Yersinia pestis is a gram-negative, rod-shaped coccobacillus bacteria, with no spores. It is a facultative anaerobic organism, it causes the disease plague, which takes three main forms: pneumonic and bubonic plagues. All three forms were responsible for a number of high-mortality epidemics throughout human history, including: the sixth century's Plague of Justinian; these plagues originated in China and were transmitted west via trade routes. Recent research indicates that the pathogen may have been the cause of what is described as the Neolithic Decline, when European populations declined significantly; this would push the date to much earlier and might be indicative of an origin in Europe rather than Eurasia. Y. pestis was discovered in 1894 by Alexandre Yersin, a Swiss/French physician and bacteriologist from the Pasteur Institute, during an epidemic of the plague in Hong Kong. Yersin was a member of the Pasteur school of thought. Kitasato Shibasaburō, a German-trained Japanese bacteriologist who practised Koch's methodology, was engaged at the time in finding the causative agent of the plague.
However, Yersin linked plague with Y. pestis. Named Pasteurella pestis in the past, the organism was renamed Yersinia pestis in 1944; every year, thousands of cases of the plague are still reported to the World Health Organization, although with proper treatment, the prognosis for victims is now much better. A five- to six-fold increase in cases occurred in Asia during the time of the Vietnam War due to the disruption of ecosystems and closer proximity between people and animals; the plague is now found in sub-Saharan Africa and Madagascar, areas which now account for over 95% of reported cases. The plague has a detrimental effect on nonhuman mammals. In the United States, mammals such as the black-tailed prairie dog and the endangered black-footed ferret are under threat. Y. pestis is a nonmotile, stick-shaped, facultative anaerobic bacterium with bipolar staining that produces an antiphagocytic slime layer. Similar to other Yersinia species, it tests negative for urease, lactose fermentation, indole.
The closest relative is the gastrointestinal pathogen Yersinia pseudotuberculosis, more distantly Yersinia enterocolitica. The complete genomic sequence is available for two of the three subspecies of Y. pestis: strain KIM, strain CO92. As of 2006, the genomic sequence of a strain of biovar Antiqua has been completed. Similar to the other pathogenic strains, signs exist of loss of function mutations; the chromosome of strain KIM is 4,600,755 base pairs long. Like Y. pseudotuberculosis and Y. enterocolitica, Y. pestis is host to the plasmid pCD1. It hosts two other plasmids, pPCP1 and pMT1 that are not carried by the other Yersinia species. PFra codes for a phospholipase D, important for the ability of Y. pestis to be transmitted by fleas. PPla codes for a protease, that activates plasmin in human hosts and is a important virulence factor for pneumonic plague. Together, these plasmids, a pathogenicity island called HPI, encode several proteins that cause the pathogenesis, for which Y. pestis is famous.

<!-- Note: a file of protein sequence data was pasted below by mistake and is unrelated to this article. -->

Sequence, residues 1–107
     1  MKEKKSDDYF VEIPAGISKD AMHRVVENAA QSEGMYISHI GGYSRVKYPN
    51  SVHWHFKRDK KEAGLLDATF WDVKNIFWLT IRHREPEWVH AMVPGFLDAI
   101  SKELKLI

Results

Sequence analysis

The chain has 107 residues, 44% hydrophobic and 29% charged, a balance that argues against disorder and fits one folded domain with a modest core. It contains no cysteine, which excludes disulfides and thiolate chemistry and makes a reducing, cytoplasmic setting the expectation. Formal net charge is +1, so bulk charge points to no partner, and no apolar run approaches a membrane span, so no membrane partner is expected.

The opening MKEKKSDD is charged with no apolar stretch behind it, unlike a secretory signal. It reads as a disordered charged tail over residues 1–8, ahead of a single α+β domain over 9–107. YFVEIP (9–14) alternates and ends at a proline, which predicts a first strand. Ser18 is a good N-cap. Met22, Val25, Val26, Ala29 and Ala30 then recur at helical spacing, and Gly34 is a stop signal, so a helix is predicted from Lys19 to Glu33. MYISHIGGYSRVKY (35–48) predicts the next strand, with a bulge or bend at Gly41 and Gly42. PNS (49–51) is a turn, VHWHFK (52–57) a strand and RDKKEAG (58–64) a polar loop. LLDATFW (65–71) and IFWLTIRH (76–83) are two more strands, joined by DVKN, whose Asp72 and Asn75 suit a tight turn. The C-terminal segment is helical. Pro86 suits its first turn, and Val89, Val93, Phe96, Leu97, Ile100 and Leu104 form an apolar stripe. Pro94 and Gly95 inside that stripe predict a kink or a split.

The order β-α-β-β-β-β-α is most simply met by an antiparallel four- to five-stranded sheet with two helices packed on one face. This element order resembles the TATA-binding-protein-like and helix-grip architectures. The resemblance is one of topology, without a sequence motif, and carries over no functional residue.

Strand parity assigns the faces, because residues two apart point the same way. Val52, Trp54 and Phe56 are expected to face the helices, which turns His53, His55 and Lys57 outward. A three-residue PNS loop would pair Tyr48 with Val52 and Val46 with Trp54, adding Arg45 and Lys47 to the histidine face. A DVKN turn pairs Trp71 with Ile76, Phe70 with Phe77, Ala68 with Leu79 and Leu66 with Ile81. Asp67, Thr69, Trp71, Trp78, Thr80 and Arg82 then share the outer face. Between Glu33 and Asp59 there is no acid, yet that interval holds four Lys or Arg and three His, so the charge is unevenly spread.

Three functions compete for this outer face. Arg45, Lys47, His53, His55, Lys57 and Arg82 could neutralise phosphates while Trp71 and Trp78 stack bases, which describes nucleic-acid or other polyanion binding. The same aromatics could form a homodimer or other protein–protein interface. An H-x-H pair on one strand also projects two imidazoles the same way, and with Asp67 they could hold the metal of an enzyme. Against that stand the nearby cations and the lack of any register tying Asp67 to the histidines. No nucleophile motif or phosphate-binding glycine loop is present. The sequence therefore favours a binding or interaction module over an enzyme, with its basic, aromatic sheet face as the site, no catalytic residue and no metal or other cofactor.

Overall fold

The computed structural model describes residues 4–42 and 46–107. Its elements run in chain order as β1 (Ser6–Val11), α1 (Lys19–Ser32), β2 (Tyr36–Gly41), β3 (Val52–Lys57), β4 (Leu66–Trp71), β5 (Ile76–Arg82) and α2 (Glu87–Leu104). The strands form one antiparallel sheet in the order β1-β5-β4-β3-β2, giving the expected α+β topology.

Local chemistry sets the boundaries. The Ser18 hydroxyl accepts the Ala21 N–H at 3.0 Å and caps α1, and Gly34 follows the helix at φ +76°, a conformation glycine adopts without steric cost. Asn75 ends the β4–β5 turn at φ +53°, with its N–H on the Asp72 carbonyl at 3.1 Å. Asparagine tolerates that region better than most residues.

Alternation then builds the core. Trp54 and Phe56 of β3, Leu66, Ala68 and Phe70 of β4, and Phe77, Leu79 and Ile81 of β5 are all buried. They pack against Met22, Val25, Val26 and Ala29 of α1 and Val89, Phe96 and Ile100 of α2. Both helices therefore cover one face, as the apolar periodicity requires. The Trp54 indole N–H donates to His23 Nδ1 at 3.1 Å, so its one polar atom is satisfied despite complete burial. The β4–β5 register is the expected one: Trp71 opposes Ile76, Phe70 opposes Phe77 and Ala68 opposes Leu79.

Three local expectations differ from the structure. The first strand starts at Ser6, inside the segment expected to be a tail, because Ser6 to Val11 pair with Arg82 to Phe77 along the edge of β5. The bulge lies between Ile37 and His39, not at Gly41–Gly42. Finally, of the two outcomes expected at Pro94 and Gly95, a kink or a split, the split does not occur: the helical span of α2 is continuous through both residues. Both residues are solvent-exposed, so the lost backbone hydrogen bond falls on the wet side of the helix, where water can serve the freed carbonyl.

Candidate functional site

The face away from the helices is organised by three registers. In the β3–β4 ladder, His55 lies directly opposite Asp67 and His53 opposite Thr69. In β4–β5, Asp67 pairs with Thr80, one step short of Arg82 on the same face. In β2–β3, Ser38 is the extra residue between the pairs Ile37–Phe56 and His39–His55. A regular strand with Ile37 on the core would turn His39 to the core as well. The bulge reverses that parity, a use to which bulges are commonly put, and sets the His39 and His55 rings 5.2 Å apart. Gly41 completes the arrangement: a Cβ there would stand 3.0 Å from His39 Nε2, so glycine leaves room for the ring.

Among other things, these virulence factors are required for bacterial adhesion and injection of proteins into the host cell, invasion of bacteria in the host cell, acquisition and binding of iron harvested from red blood cells. Y. pestis is thought to be descended from Y. pseudotuberculosis, differing only in the presence of specific virulence plasmids. A comprehensive and comparative proteomics analysis of Y. pestis strain KIM was performed in 2006. The analysis focused on the transition to a growth condition mimicking growth in host cells. Numerous bacterial small noncoding RNAs have been identified to play regulatory functions; some can regulate the virulence genes. Some 63 novel putative sRNAs were identified through deep sequencing of the Y. pestis sRNA-ome. Among them was Yersinia-specific Ysr141. Ysr141 sRNA was shown to regulate the synthesis of the type III secretion system effector protein YopJ; the Yop-Ysc T3SS is a critical component of virulence for Yersinia species. Many novel sRNAs were identified from Y. pestis grown in vitro and in the infected lungs of mice suggesting they play role in bacterial physiology or pathogenesis.
Among them sR035 predicted to pair with SD region and transcription initiation site of a thermo-sensitive regulator ymoA, sR084 predicted to pair with fur, ferric uptake regulator. Intergenic RNA thermometer In the urban and sylvatic cycles of Y. pestis, most of the spreading occurs between rodents and fleas. In the sylvatic cycle, the rodent is wild, but in the urban cycle, the rodent is the brown rat. In addition, Y. pestis can spread from the urban environment and back. Transmission to humans is through the bite of infected fleas. If the disease has progressed to the pneumonic form, humans can spread the bacterium to others by coughing and sneezing. Several species of rodents serve as the main reservoir for Y. pes